Which Joe gave his name to ‘sloppy joes’? We look at five interesting sandwiches and their lexical origins.
1‘the crook got five years for swindling two families’
criminal, lawbreaker, offender, villain, black hat, delinquent, malefactor, culprit, wrongdoer, transgressor, sinner
young offender, juvenile delinquent
felon, thief, robber, armed robber, burglar, housebreaker, shoplifter, mugger, fraudster, confidence trickster, swindler, racketeer, gunman, gangster, outlaw, bandit, terrorist, rapist
con, jailbird, lag, old lag, lifer, baddy, shark, conman, con artist, hustler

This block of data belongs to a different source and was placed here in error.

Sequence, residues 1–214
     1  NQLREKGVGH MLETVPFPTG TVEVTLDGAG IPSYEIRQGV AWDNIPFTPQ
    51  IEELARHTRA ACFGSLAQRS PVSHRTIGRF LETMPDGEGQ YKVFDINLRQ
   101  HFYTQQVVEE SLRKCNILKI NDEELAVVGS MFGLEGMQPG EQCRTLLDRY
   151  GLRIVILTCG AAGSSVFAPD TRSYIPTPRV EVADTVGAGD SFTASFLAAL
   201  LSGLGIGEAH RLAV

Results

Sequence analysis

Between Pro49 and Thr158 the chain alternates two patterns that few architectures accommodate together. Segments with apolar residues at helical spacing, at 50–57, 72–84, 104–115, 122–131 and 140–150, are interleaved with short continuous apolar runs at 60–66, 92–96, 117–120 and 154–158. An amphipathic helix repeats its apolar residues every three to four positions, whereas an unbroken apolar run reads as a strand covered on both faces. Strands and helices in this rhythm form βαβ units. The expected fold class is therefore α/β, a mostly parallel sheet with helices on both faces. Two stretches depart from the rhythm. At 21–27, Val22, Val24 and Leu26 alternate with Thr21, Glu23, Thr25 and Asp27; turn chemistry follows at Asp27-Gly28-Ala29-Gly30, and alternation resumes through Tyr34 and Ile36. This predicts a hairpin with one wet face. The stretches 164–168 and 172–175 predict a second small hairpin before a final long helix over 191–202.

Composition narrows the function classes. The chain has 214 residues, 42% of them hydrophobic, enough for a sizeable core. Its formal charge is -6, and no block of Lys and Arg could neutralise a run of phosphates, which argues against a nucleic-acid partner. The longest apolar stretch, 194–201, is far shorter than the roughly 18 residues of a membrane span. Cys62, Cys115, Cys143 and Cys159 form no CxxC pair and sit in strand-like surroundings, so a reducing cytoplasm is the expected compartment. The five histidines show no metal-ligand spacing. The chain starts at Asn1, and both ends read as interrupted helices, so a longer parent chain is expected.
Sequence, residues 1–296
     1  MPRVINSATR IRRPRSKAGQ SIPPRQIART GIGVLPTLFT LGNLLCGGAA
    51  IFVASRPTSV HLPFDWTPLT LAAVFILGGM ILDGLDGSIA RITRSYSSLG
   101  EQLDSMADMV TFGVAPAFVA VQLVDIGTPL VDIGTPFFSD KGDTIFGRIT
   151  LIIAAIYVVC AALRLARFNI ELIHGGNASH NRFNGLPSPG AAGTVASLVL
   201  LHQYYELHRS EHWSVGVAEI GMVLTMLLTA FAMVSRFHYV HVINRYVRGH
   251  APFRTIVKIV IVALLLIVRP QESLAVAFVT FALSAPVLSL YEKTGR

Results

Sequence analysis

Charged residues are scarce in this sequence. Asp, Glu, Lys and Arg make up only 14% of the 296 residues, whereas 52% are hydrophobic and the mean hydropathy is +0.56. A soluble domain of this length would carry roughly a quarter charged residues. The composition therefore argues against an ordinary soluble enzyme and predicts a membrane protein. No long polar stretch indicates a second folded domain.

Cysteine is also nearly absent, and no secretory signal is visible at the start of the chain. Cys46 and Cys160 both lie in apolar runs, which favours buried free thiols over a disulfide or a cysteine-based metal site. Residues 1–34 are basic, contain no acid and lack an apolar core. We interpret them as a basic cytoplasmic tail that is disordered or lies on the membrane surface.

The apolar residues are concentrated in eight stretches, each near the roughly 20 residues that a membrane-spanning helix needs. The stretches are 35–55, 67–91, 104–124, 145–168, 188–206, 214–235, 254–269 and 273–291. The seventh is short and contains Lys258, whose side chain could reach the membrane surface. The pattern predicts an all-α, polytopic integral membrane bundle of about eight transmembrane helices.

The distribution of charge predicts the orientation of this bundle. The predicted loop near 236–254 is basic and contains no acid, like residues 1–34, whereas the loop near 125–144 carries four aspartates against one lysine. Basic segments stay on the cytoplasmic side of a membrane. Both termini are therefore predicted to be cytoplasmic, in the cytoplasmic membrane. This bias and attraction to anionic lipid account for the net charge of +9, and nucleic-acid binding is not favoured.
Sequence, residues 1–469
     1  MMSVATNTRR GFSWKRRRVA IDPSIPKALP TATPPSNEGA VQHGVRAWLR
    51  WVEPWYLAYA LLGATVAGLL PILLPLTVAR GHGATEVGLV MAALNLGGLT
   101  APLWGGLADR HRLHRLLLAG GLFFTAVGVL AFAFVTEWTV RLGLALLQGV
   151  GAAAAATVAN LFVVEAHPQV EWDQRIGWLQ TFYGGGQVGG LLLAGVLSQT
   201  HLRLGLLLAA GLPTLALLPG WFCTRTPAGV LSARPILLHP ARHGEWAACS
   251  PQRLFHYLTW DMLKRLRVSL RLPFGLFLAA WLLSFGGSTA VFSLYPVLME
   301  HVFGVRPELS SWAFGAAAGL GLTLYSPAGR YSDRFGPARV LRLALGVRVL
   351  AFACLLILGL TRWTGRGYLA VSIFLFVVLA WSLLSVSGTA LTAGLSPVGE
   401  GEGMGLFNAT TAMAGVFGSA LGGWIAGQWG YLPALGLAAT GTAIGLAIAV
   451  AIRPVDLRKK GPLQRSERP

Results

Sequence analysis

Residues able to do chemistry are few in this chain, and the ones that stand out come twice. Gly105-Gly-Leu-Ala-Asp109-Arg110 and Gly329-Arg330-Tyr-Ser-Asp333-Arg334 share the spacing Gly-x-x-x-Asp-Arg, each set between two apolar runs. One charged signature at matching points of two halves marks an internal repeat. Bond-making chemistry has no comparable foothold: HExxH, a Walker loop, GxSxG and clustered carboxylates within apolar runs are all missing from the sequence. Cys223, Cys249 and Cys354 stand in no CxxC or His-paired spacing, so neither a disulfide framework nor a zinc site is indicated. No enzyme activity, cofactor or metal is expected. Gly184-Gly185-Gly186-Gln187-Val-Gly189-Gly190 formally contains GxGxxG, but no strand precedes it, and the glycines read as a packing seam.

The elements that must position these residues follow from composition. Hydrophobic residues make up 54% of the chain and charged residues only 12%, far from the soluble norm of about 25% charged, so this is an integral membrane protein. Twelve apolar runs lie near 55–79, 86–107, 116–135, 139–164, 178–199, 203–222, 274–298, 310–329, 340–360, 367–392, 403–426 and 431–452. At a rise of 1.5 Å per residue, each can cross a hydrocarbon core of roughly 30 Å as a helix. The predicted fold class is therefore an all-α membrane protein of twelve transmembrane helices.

North American yardbird, yegg
South African lighty
West Indian tief
British rhyming slang tea leaf
malfeasant, misfeasor, infractor
archaic miscreant, trespasser, trusty, transport
rare peculator, defalcator
2‘the leopard sat in the crook of a tree branch’
bend, curve, curvature, kink, bow, elbow, angle, fork, intersection
1‘he crooked his finger and called over the waiter’
cock, flex, bend, curve, curl, angle, hook, bow
We take a look at several popular, though confusing, punctuation marks.
From Afghanistan to Zimbabwe, discover surprising and intriguing language facts from around the globe.
The definitions of ‘buddy’ and ‘bro’ in the OED have recently been revised. We explore their history and increase in popularity.